Handling payroll taxes involves a lot of logistical effort for small businesses.
After all, owners of those businesses typically wear many hats. They have a lot of other demands on their time and attention besides tax withholding, the issuance of W-2s and other tax compliance tasks.
It is therefore entirely understandable that many such businesses contract with a third-party provider to handle employment-tax services. This often involves having the third party make payroll tax payments to the state.
What happens, however, when that provider becomes insolvent, commits misconduct or otherwise leaves its clients its clients holding the bag for unpaid payroll taxes? In this two-part post, we will discuss that issue.
The issue is hardly an abstract one. The Los Angeles Times reported earlier this week on how the owner of a Southern California payroll company named LA Payroll has apparently disappeared after draining the firm’s accounts.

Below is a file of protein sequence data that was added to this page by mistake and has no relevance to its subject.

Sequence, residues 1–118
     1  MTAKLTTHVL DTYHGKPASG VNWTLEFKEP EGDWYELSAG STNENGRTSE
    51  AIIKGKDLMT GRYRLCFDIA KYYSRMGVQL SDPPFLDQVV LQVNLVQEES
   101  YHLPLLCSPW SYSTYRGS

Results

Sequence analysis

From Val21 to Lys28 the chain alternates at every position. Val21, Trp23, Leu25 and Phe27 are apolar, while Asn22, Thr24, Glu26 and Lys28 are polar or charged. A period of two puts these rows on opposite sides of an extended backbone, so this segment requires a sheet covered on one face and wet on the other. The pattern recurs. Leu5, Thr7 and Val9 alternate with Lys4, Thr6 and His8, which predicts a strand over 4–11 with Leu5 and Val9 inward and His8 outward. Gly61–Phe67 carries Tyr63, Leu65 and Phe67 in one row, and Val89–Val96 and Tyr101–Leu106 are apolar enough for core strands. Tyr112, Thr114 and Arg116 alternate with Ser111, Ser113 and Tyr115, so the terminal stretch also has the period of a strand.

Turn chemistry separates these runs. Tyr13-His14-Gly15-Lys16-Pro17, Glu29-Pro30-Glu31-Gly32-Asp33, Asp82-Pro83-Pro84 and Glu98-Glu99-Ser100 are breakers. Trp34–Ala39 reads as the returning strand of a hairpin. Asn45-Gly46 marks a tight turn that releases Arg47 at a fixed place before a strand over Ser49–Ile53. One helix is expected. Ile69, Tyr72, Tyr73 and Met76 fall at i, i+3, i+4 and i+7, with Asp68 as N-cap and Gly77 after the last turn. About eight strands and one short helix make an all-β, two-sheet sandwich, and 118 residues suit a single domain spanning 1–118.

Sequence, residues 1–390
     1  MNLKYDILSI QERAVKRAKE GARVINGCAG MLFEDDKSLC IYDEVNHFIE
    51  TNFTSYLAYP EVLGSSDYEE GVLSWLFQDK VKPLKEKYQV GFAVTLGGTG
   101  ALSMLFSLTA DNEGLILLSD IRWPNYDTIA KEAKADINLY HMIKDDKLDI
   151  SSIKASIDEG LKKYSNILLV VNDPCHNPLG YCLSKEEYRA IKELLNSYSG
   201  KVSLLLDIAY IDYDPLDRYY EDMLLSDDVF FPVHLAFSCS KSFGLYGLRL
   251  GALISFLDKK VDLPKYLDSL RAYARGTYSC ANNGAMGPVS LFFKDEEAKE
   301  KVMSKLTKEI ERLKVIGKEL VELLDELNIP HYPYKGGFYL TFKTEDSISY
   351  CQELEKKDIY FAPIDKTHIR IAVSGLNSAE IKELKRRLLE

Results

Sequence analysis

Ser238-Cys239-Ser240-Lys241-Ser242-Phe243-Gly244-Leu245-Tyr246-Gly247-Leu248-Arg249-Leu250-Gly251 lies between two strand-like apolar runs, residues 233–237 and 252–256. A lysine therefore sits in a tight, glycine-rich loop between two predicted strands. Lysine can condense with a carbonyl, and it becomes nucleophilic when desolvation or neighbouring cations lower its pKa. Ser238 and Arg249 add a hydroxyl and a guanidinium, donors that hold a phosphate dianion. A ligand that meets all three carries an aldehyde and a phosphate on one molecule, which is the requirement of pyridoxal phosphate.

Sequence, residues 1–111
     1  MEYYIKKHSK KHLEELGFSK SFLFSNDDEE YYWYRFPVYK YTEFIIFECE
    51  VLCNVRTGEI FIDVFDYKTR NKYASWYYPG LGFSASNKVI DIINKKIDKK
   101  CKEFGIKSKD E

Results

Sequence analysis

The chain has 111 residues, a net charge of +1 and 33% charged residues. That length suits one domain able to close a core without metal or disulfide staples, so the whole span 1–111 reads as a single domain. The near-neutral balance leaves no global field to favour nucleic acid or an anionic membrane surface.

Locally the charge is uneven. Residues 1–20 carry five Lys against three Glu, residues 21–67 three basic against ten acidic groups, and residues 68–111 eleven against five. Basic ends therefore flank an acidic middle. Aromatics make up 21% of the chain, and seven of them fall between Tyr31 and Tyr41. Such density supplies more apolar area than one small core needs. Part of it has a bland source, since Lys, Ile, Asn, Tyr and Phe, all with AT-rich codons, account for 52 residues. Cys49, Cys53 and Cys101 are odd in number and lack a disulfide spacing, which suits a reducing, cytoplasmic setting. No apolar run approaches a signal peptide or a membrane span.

These accounts – called impound accounts – were supposed to have been used to make tax payments to the state on behalf of client businesses. Instead, many clients are now facing thousands of dollars in losses. At least one client reportedly lost more than $350,000.
A former payroll manager at the company estimated the total amount of the losses is about $4 million.
For small-business owners, obviously losing tens of thousands of dollars in this way is a difficult pill to swallow.
After all, it is not as if a government agency is there to ride to the rescue. Companies that provide payroll services are not closely regulated at either the state or federal level. This stands in contrast to financial institutions such as banks, which are regulated by agencies like the Federal Deposit Insurance Corporation (FDIC).
California, like most other states, does not require that payroll service companies be bonded. And with no bond in place, business owners are on the hook for taxes owed to the IRS and state revenue agencies.
Source: Los Angeles Times, “A payroll company leaves its clients in the lurch,” Kim Christenson, Feb. 10, 2014